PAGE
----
Monday, 9 April 2007

Rice Pudding

Another food from my childhood that I have been craving since starting my diet is rice pudding. A dessert I remember making myself when we lived on Alford Forest Road in Ashburton.

While I remember how my brothers and I made it as children, I am a little ambivalent to cook it that way as I think it involved sweetening with large lumps of ice cream. Instead I decided to search the internet for a promising looking recipe and ended up with this one, which curiously uses an egg, something we definitely didn't do when making it. However I cut the recipe back to milk, rice, egg and raisins and sweetened it with honey, which I find I need to use very little of.

2007-04-08 Rice Pudding 81

Dietwise there are a number of reasons I can justify this. It uses less rice than I used to cook with my stir fries. It uses a lot of milk which bumps my calcium intake over the 100% RDA level. And it also usually bumps my calories up over the 2000 calorie point, something which is definitely good as it will prevent me from losing weight as fast as I am. Something my other wanton efforts at baking are no doubt more than making up for anyway.


  1. Well, your blog is too interesting and it sucked me in all the way to here from the top post. I need to stop and do something useful ;). However, as rice pudding is one of my favorite foods, here from memory is our (at least) three generations old family recipe (as compensation for your fine posts). It comes from Sicily:

    cooking time: about 2 hrs 30 mins

    Gather your ingredients, one large pot (like you would use for boiling pasta), and two pans about 9 x 13 inches (like for casseroles or lasagna), buttered.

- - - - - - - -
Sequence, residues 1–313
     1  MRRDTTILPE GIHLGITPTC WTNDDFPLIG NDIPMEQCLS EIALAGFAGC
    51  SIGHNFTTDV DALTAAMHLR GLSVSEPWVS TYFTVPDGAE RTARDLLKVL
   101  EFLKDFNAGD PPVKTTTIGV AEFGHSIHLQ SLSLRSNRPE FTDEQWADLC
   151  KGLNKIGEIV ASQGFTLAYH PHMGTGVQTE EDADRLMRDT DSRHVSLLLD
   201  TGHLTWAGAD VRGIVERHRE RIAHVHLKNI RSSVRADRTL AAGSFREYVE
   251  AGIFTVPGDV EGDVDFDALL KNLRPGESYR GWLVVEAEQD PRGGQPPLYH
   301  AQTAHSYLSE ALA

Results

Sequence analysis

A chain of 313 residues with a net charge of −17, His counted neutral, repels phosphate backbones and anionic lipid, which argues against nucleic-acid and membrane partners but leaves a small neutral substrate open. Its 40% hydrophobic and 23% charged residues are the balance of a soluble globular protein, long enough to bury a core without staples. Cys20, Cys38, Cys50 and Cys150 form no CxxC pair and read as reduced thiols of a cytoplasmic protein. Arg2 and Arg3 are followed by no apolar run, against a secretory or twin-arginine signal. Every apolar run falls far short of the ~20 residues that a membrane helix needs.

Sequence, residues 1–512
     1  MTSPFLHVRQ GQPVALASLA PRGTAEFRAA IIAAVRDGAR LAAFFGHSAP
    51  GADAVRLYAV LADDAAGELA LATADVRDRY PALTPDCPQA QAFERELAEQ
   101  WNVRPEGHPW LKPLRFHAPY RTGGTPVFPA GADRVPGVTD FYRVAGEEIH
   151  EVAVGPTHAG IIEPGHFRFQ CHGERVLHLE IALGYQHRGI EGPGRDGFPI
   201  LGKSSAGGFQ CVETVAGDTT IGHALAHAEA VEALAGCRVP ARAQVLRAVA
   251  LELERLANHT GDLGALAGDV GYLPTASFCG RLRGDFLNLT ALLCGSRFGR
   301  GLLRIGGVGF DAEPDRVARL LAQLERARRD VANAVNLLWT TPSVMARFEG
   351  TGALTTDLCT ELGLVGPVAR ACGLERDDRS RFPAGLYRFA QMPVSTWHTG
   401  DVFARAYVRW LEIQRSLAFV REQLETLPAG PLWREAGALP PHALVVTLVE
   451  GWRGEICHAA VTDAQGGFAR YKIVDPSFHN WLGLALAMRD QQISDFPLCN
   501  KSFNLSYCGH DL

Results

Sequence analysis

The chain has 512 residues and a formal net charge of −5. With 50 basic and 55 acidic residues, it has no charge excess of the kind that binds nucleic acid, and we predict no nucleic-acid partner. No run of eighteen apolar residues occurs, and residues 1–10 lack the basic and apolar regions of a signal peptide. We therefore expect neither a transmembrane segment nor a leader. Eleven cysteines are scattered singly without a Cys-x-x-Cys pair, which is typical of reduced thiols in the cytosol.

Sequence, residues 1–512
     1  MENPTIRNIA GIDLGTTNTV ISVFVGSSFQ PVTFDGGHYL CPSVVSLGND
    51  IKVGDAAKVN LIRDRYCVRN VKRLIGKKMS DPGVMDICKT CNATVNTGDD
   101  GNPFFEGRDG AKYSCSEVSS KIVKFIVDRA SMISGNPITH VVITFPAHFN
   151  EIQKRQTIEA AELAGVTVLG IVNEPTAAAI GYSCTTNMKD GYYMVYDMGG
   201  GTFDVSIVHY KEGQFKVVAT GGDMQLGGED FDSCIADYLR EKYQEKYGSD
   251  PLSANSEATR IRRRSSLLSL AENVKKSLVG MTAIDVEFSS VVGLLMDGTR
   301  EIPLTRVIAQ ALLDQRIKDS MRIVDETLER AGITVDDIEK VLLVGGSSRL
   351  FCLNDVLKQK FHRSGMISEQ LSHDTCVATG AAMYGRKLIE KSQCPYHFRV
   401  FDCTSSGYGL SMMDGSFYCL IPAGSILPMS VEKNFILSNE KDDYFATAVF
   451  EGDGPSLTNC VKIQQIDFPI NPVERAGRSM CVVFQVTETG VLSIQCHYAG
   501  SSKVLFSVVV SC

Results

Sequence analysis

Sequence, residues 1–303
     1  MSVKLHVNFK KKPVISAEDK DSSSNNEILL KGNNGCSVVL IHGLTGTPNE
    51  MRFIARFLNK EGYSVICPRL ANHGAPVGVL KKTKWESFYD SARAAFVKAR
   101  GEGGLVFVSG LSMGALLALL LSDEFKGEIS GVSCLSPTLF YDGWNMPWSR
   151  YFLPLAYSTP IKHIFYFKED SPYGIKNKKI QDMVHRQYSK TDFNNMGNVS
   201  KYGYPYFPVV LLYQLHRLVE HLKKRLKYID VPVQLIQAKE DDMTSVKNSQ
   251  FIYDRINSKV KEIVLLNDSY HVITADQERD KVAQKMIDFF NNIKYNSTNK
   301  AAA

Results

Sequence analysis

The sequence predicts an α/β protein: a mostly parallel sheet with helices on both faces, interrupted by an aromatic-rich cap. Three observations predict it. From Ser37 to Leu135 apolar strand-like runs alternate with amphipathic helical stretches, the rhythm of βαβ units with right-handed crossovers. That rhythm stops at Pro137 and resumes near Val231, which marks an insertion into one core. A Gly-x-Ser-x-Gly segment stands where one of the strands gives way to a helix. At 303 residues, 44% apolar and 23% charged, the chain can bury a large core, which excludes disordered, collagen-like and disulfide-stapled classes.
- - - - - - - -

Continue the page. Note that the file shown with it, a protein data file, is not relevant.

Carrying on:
2 cups raw arborio rice
    1 gallon whole milk
    1/2 lb. of butter
    2 cups white sugar
    6 eggs
    2 tablespoons vanilla
    cinnamon for dusting


    Heat milk slowly in a large, heavy pot. While the milk heats up, cook the rice in about 3 1/2 cups of water, about 15-20 minutes.

    Meanwhile, separate eggs and reserve whites in a cool place. Beat yolks briefly. Cube butter into small pieces and add to milk. When butter is melted, add a little of the hot milk to the yolks, stir, then add the yolks to the pot. Add the sugar to the milk in a slow stream while stirring. Add the vanilla, then rice, stirring well.

    Cook the pudding on low heat for about an hour, avoiding burning. The mixture will thicken slowly. You may increase the heat a little if you're on hand to stir, and in this way you can reduce the cooking time.

    You will know the pudding is done with this stage when the mixture is thick, nearly supporting a wooden spoon left to stand on its own. The rice will suddenly appear in the mixture as a homogenous mass, where before the pudding seemed very thin and milk-like. You may cook the pudding less or more, as you prefer thinner or thicker pudding.

    Take the pot off the heat and divide the pudding equally between the two pans. Let the pudding rest for a moment and then stir to avoid a skin forming.

    Turn on your oven to broil. You may also use a flametorch if you have one available. If so, ready your torch.

    Meanwhile, beat the eggs whites to soft peaks and doubled in volume. Fold the whites equally into each pan; you need not mix it in totally. Dust each pan with cinnamon as you like, then broil each pan, preferably under direct flame, for about five minutes. Watch it carefully to avoid burning.

    Eat hot or cold as you like. Adding raisins is optional (I don't).

    best, George

  2. Cheers. I need to cooking rice pudding again sometime. I used to cook it every day when I lived in Iceland - probably the reason my wait stayed the same for the last year I was there :) But I haven't cooked it since I moved to the USA.